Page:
Teenage Rage! covers garage rock, punk, and other exciting matters, as a more melodic counterpart to my other column, Unheard. Today I want to hone in on a couple of small labels putting out thrilling miniature editions, namely Denver’s Snappy Little Numbers and St. John’s, Newfoundland’s Anteduvia Records.
Snappy Little Numbers
The aptly-named Snappy Little Numbers label grinds out marbled 45s from local Denver bands, with most editions packaged in slick retro sleeves. Singles are neat-o, as label boss dude Chuck Coffey points out: “There’s something really cool about the immediacy of a great song backed by another ripper.” On that tack, they’ve put out four so far:
Release number one from the label is a scorching split between two tiny Denver acts, Eyes & Ears and Snake Mountain (SLN-101), with each band paying tribute to a different Denver institution. Like any split single worth its weight in tar, this marbled pink treat supplies two songs from bands I’ve never heard before, and may very well never hear from again. Eyes and Ears’ momentary “I Left my Heart at Bar Bar” is an ode to some bar called Bar Bar. It’s a sweltering, punk-charged garage rocker that stomps on with a Hivesy riff before turning a few sharp corners with the guitars and adding in some delightful chanted group vocals. The sound engineer was either inept or genius; we’ll split the difference. On the flipside, Snake Mountain (yes, they’re named after Skeletor’s evil lair in Masters of the Universe) proves to be the more overtly melodic act here on their charging paean to the Mile High City’s Colfax Avenue, “Defend Colfax.” Colfax Ave. was once hailed as the “longest, wickedest street in America” by Playboy Magazine, and is home to the Denver Mint as well as the Jewish Consumptives’ Relief Society (since renamed the AMC Cancer Research Center). I pulled that from an impressively lengthy Wikipedia entry on the street (the premiere Litmus test for cultural significance in today’s age). But I digress. The track itself is plugged up with thick guitar chords and jigs to a vibrant if chaotic beat, with the band’s snotty singing duo bounding urgently through the thick tuneful walls of sound. It might not be particularly inspired, but in all its enthusiasm, it’s somewhat inspiring.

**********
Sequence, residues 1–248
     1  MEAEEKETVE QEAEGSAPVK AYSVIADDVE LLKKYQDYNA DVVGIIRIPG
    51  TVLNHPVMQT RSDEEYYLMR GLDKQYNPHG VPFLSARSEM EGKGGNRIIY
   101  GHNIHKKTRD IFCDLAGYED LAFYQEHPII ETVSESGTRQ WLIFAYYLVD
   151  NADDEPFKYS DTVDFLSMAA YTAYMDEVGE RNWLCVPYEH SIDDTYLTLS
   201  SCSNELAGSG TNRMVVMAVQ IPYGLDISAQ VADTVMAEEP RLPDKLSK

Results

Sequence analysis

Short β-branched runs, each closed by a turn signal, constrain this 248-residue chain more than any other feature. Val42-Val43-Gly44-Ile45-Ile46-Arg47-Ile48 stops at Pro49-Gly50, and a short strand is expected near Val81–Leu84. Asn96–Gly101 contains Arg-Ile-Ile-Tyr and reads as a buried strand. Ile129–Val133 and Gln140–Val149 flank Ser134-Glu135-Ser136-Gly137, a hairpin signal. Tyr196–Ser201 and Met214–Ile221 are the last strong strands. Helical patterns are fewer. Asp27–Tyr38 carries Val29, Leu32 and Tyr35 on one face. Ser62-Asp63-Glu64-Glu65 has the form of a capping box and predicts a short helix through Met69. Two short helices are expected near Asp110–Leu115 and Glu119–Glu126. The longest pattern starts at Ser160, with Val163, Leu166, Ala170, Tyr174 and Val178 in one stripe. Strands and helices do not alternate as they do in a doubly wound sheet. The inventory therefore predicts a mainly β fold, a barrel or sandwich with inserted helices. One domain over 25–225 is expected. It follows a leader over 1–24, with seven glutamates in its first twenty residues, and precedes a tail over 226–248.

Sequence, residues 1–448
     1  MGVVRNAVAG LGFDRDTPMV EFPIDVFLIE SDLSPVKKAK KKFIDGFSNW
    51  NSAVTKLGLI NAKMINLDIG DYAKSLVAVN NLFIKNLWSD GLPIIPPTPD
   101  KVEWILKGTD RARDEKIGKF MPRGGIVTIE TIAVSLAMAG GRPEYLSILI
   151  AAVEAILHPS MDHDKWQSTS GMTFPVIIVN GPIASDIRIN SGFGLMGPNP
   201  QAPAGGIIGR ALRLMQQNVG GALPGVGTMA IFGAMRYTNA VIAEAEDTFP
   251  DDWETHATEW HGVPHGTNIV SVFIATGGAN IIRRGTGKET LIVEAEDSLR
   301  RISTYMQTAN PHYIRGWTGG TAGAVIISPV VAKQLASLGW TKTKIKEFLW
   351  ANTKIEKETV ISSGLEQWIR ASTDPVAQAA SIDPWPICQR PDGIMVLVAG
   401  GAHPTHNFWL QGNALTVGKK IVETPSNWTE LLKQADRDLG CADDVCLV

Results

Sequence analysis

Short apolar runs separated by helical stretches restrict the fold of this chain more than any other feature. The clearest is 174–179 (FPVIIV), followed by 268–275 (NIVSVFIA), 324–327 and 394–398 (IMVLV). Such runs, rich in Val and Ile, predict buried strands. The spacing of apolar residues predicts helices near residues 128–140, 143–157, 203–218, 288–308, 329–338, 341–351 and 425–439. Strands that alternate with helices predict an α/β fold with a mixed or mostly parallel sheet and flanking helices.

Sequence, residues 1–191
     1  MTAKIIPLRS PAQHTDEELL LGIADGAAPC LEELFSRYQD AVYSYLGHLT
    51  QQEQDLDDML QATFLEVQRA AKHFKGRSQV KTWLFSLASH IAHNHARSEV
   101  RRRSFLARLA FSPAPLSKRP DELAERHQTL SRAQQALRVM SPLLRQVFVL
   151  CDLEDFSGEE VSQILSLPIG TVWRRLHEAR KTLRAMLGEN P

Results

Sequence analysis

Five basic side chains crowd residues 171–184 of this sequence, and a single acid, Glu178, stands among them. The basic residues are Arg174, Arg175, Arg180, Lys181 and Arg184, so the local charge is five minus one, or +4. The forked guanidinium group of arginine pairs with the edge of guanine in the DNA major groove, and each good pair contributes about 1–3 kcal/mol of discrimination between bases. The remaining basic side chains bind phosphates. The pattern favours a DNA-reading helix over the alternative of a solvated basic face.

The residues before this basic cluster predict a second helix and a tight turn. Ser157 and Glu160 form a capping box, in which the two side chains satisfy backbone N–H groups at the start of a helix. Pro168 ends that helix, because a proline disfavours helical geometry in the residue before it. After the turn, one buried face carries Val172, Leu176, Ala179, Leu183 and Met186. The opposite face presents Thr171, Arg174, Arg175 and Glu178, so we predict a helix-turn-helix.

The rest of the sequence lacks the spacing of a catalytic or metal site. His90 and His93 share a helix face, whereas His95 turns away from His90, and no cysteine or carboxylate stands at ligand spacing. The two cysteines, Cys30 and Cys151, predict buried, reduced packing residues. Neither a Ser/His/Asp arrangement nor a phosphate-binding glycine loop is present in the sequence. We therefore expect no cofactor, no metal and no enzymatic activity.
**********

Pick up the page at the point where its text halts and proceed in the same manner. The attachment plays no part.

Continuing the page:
Record number two is a four-songer from Denver’s 25 Rifles (SLN-102), who channel Hüsker Dü and the more straightforward elements of Mission of Burma on this diminutive EP, which seems to teeter between a forceful melodic impulse and a commitment to high-tension, riff-y punk. It’s a very nineties sensibility, which I dig. The highlight is the wistful yet supercharged pop-punk of “Summer Fades,” a deliciously simple nugget that bends a little under its soggy lyrical matter, an interrogative missive spilling a laundry list of existential quandaries such as “did you know that’s how the world would end?,” “did you see the hydrogen has bled?” and – excerpted no doubt from any number of pockmarked Blogspots – “did you see that all the leaves were dead?” So yeah, the words aren’t particularly revelatory – which really doesn’t set them too far apart from the bulk of vaguely melancholic punky poppy bands I’ve enjoyed – but the songs, and the juicy chord changes contained within, have a funny way of making the lyrics seem less important. Fun fact: despite my qualms about the writing, guitarist Jason Heller is a legit writer and has a novel out through Tor Books – one of the bigwigs in sci-fi publishing.
The Manxx weds Sara Fischer‘s shrill vocals and guitar/keyboard interplay to endearingly meagre production values (i.e. the sound is so in-the-red it sounds like your speakers might have blown out) on their SLN single (SLN-103). The zippy energy and melodic sensibility pin this as something that might have turned up on an early nineties K Records compilation – perhaps most in line with Tiger Trap. On the other hand, Hooper‘s single (SLN-104) is pure boy music. The most well-produced record in Snappy Little Numbers’ small but expanding discography, it supplies punchy pop-punk in a late-nineties vein, calling to mind everyone from Seaweed to the folks on the American Pie soundtrack. But before I attempt the first ever reference to Stifler to ever grace the venerable halls of the Foxy Digitalis archive (oops), I should concede that these folks know their way around a pop song. “The Shallows” is brief but its moment is soaked in melody, the singer channeling his adolescent lovelorn croon adeptly, calling to mind a vaguely mischievous, sun-glazed look that might not match his physical form (if you’ll recall, the band is from Denver). Regardless, it seeps into your memory nicely. B-side “100 Acre Slingshot” is less potent melodically, and sort of reminds me of the bulky yet unburdened guitar pop of Boston’s Six Going on Seven from awhile back.